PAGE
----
Seasonal Work: Benefits, Types and Steps for Getting a Job
Updated July 22, 2023
While companies tend to hire full- and part-time employees, they may hire additional help during busy periods. Seasonal work is common among teenagers, college students and anyone who wants to pursue temporary employment opportunities. Getting a seasonal job offers benefits like extra income, work experience and the opportunity to explore interests in different fields.
In this article, we explain what seasonal work is, discuss the benefits of this type of temporary employment and share the different types and steps for obtaining a job.
What is seasonal work?
Seasonal work is temporary employment that recurs around the same time every year and can range in duration from a few weeks to a few months. Businesses that primarily have more customers during specific periods hire seasonal employees for extra help during their busiest times. While seasonal work often stems from shopping trends within an industry, it might also be available due to weather conditions. For example, snowplow companies hire drivers during winter when snow is present while centers with pools only require lifeguards during summer.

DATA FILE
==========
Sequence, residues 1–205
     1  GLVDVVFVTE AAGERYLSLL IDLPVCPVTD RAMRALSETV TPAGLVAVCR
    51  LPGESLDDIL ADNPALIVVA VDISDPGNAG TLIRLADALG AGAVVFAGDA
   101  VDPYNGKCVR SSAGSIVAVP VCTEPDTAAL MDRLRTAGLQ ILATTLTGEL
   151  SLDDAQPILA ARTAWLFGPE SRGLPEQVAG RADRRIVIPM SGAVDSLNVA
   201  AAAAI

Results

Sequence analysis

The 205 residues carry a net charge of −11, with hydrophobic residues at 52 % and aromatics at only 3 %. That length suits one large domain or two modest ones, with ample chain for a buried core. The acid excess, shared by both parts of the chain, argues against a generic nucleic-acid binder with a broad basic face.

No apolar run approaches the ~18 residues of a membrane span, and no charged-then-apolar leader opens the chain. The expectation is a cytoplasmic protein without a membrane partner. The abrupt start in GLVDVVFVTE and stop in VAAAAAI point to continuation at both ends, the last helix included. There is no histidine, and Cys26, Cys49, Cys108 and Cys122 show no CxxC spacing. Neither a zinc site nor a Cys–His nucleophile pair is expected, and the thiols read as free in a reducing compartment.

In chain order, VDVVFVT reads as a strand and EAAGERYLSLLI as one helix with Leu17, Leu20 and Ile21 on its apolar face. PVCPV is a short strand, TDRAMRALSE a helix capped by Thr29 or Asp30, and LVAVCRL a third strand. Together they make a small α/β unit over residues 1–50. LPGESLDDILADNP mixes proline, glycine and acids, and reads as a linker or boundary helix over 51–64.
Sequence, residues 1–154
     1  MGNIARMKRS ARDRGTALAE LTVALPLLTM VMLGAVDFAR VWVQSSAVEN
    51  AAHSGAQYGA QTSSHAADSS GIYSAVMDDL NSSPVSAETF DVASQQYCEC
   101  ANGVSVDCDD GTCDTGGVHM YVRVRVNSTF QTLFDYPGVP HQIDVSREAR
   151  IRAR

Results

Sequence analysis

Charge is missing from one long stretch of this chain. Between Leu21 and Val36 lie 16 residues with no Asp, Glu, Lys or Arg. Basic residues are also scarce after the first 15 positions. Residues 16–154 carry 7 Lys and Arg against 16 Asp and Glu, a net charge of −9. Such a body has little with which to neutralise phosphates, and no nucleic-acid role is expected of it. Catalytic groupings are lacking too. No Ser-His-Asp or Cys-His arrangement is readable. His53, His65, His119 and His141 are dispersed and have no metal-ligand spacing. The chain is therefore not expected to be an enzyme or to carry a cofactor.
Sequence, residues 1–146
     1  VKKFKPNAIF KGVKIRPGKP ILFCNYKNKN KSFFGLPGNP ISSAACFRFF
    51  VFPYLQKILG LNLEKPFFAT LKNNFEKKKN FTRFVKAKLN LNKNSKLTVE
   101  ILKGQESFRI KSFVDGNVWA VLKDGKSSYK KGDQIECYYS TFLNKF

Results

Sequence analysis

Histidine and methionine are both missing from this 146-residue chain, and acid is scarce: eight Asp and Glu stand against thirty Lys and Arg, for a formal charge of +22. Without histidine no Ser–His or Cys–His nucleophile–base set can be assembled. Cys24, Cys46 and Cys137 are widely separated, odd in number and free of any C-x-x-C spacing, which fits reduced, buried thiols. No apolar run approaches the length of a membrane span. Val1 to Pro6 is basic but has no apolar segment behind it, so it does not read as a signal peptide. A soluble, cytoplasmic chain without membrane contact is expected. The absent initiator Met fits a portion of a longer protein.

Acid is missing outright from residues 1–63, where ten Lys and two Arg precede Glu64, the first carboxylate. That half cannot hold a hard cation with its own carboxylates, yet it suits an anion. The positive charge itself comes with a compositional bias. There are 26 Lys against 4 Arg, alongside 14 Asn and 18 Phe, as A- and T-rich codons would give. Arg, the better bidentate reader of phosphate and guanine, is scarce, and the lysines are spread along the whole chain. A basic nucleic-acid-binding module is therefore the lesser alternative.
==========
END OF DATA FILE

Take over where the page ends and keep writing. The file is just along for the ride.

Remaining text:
Though anyone can work seasonally, it's a common option among people who want to supplement their income. For example, an individual with a part-time job may choose a seasonal position to earn additional wages. Some high school or college students also opt for seasonal work during the holidays. Seasonal employment allows them to not only earn extra money but also gain experience with the flexibility to work in various fields.